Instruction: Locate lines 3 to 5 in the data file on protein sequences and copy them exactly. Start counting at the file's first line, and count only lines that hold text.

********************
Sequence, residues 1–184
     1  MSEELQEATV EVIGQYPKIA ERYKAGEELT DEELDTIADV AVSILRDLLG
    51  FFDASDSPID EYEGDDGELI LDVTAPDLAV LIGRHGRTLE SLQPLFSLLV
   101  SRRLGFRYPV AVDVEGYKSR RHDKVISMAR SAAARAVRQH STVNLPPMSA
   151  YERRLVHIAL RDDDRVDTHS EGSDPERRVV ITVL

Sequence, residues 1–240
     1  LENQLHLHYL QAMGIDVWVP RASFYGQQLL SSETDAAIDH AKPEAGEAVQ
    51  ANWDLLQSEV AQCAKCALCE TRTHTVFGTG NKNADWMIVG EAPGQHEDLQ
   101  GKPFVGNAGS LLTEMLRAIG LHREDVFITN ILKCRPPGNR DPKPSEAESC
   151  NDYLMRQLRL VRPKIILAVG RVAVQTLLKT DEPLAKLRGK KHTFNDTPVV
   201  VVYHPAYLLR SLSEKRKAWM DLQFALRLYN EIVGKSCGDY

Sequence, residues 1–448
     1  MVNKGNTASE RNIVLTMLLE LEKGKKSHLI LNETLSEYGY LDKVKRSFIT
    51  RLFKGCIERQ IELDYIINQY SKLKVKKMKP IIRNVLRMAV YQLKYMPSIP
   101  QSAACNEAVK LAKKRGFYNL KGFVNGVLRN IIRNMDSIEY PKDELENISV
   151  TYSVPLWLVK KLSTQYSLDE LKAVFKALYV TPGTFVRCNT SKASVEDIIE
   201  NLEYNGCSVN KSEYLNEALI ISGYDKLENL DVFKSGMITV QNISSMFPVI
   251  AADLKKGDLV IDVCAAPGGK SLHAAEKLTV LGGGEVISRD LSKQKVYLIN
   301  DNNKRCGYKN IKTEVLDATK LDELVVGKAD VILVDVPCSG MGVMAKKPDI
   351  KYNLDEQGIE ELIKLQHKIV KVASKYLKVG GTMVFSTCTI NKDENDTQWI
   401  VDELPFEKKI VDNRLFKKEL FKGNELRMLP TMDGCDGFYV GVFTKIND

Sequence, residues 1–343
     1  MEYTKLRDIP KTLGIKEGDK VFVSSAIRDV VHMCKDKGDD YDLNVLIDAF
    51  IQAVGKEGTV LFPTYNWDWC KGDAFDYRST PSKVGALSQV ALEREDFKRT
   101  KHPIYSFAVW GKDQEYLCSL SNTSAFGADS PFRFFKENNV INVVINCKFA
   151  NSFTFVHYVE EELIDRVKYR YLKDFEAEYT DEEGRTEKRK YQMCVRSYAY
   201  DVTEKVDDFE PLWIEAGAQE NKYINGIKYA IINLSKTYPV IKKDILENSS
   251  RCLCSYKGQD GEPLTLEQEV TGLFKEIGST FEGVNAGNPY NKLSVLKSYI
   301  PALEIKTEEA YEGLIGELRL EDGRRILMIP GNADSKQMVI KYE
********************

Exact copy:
    51  FFDASDSPID EYEGDDGELI LDVTAPDLAV LIGRHGRTLE SLQPLFSLLV
   101  SRRLGFRYPV AVDVEGYKSR RHDKVISMAR SAAARAVRQH STVNLPPMSA
   151  YERRLVHIAL RDDDRVDTHS EGSDPERRVV ITVL